Lords Attacking Priestesses

Several centuries later, oral tradition in the Celtic west of Europe alludes to warlord attacks on priestesses. In many legends, hostility is directed at demonized forms of the crone goddess, but other myths refer directly to desecration of woman-led communal sanctuaries.

An medieval Irish legend presents Erne, "free from venom," as the leader of a company of women "who knew no art of wounding." This priestess is the guardian of magical talismans of the goddess Medb: "her comb, her casket unsurpassed, with her fillet of red gold." (Abraham Brown pointed out that the word translated here as "casket" is críol, the chalice of the goddess which later became the Holy Grail.) "Women not a few obeyed her will." These divine maidens live in "thick-wooded Rath Cruachu."

The warrior Olcai threatens the women and causes them to flee under the lake waters. The legend explained how lake Erne came to be named after a priestess of a forest sanctuary. [Condren, 70] In another version, a king carries off one of the maidens, prompting Erne and her women to go live in a palace under the lake.

Other stories of sexual attacks on holy women entered medieval French literature by way of Breton tradition. The Elucidation describes a wave of rapes and looting that drove away the priestesses of holy wells, who once provided drinks of the blessed water to all comers.

The maidens generally served well and gladly all those who wandered along the roads and came for food to the well. King Amangons broke this custom first, who was evil and wicked... he did violence to one of the maidens, against her will he violated her, and took away from her the golden cup and carried it off with him. Then he caused himself to be served out of it. Well ought misfortune to come to him. Therefore never maiden served nor issued from the well for any traveller that came there and sought for food... The other vassals of the court, when they saw their lord's behavior... all the others did violence to them and took away the cups of gold. Never any more from the wells did appear maidens, nor did they serve any more...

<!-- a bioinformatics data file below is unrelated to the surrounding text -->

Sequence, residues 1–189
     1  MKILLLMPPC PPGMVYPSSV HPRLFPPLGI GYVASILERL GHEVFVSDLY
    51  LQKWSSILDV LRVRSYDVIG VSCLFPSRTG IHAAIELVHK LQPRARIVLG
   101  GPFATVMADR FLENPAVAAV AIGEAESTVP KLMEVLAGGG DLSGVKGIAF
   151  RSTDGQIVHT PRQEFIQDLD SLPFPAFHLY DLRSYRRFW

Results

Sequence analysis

The legend indicates that the rapes were not isolated incidents, but a pattern of attack by aristocratic men that destroyed a social institution of priestesses at sacred wells. There is no dating this cultural sea-change, though it could well have resulted from the breakdown of inviolability of pagan shrines during christianization. As the old religion fell, the old taboos against violence in sanctuary were overridden, and new taboos came into being, such as those forbidding females to approach certain holy wells. Numerous Irish legends refer to christian monks barring women from wells, or women divinely punished for transgressing sanctions (some involving female chastity, others forbidding them from opening the well) by being drowned in the waters.

But even in the 12th century, when the Elucidation and other legends were written down in the Grail cycle, the tellers still imagined divine reprisals against those who blasphemed against the animist holy places. The waters dried up, plants ceased to sprout and flower, and the meadows and forests shrivelled away. The theme of the wasteland in Celtic literature grows from this violation of the life-nurturers and the goddess without whom nothing grows. Her priestesses are the Grail-Bearers, her prophetesses wild-women like the dark sorceress Kundry who knows the Mysteries.

Kings Versus Witches: the Laws of Persecution

Herbs, Knots, and Contraception

Excerpt from Secret History of the Witches (forthcoming)

Copyright 2000 Max Dashu

Suppressed Histories Archives / Articles